To 30 parts by weight of a monomer composition obtained in each of Examples and Comparative Examples, 0.24 parts by weight of DAPCH was added, and the resultant was stirred at room temperature until a homogenous state was reached. Therewith, 70 parts by weight of silica glass (Fuselex-X (TATSUMORI LTD.)) was further blended, and the mixture was stirred with a mortar until a homogenous state was reached, and the resultant was degassed to prepare a composition for a dental material. The resulting composition for a dental material was put in a glass mold of 30 mm in diameter and 50 mm in height, and thermal polymerization was performed by retaining the composition in an oven with a maximum temperature of 120° C. for 48 hours in total. The resulting thermally-polymerized molded body was heat-treated in an oven at 130° C. for 2 hours. The molded body was taken out of the oven, cooled to room temperature, and then cut into a test piece of 2×2×25 m in size. The test piece obtained was soaked in distilled water in a sealable sample bottle and retained at 37° C. for 24 hours. The resultant was used as a test piece (test piece 1 for bend test obtained with a thermal polymerization method).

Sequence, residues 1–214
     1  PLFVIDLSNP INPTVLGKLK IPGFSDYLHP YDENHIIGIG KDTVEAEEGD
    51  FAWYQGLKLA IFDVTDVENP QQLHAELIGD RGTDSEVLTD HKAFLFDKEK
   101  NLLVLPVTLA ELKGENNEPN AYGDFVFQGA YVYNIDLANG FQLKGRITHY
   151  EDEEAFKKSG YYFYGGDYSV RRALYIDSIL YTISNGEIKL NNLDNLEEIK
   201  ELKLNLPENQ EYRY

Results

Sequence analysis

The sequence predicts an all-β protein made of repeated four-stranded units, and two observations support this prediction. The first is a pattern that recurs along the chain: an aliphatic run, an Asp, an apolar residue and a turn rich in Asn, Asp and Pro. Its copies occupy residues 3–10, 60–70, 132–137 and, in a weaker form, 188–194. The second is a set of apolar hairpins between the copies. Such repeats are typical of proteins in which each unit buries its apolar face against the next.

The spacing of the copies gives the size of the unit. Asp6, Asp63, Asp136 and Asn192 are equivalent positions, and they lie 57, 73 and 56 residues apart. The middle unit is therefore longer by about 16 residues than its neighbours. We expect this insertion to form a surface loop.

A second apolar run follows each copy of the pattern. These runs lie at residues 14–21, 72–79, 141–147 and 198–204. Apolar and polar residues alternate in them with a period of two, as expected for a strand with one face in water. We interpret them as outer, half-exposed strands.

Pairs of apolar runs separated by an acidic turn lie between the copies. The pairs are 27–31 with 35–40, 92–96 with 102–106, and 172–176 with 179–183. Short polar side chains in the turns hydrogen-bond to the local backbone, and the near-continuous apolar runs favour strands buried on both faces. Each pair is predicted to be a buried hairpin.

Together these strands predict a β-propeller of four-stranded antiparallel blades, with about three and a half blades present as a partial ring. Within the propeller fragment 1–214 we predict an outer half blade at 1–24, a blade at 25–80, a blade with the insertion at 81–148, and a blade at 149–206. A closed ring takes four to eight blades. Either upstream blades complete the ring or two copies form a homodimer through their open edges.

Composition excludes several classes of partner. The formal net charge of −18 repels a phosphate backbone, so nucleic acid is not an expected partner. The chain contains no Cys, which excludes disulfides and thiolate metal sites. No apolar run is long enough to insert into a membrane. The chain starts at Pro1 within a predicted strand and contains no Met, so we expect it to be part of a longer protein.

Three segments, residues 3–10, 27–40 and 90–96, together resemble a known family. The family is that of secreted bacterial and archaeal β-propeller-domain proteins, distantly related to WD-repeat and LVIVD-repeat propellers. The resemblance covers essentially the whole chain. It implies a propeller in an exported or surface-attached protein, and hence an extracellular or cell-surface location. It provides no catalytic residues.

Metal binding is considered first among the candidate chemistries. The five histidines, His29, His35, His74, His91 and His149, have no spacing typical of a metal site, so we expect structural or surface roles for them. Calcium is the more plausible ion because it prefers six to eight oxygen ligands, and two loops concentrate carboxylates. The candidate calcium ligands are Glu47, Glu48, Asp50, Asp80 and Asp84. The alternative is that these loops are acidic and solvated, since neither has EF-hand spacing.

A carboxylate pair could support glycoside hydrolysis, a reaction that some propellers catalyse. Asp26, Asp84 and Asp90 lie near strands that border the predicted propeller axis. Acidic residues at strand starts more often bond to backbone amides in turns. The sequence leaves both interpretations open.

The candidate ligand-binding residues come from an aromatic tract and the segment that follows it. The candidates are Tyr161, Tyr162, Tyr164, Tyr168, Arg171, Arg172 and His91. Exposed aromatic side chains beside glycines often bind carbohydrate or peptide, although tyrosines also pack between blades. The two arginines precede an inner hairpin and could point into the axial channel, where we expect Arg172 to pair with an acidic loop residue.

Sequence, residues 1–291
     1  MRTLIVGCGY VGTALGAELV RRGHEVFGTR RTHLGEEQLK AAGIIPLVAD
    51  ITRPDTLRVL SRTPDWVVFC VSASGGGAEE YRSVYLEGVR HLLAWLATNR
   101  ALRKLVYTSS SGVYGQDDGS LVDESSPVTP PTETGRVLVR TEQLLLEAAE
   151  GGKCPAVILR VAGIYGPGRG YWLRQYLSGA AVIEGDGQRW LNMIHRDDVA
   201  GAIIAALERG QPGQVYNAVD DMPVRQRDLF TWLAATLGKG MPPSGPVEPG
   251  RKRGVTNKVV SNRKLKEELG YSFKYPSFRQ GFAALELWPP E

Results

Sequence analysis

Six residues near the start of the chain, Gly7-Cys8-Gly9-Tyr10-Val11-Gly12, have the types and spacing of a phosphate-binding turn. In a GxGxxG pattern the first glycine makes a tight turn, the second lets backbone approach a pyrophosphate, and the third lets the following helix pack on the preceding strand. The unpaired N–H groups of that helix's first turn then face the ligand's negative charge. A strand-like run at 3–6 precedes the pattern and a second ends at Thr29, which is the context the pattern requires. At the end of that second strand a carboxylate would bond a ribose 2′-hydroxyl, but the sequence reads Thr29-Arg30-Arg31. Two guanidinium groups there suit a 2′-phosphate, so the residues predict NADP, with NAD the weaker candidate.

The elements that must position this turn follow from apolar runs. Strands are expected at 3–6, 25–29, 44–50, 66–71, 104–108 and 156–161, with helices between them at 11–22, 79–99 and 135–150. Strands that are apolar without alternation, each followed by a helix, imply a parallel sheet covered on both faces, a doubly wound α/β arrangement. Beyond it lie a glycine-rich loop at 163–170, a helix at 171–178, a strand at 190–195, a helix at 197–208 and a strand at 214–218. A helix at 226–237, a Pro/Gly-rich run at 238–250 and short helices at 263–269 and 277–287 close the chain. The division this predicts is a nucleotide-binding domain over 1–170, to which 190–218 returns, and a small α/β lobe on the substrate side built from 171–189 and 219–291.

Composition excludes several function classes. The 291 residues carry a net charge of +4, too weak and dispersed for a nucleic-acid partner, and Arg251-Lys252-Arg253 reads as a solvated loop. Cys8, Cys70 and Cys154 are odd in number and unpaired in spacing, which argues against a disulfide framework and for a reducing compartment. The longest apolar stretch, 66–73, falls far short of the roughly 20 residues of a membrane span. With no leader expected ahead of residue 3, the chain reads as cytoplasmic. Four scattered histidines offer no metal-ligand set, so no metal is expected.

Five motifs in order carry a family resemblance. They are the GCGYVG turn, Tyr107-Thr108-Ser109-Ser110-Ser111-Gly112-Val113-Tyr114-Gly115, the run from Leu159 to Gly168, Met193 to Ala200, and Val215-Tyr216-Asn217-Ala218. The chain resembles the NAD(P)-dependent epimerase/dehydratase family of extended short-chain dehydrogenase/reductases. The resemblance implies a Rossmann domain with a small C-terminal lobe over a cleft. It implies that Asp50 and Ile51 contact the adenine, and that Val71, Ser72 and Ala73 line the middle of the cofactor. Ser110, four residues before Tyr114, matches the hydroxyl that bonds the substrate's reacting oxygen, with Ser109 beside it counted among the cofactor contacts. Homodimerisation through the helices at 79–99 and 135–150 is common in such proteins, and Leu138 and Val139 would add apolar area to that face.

[Method for Producing Test Pieces for Bend Test—Part 3]

Shown in the following is a method for producing test pieces for bend test when a test subject was produced through thermal polymerization and then soaked in distilled water for a week in Examples and Comparative Example of the present invention.

(Production of Test Pieces for Bend Test with Thermal Polymerization Method—Part 2)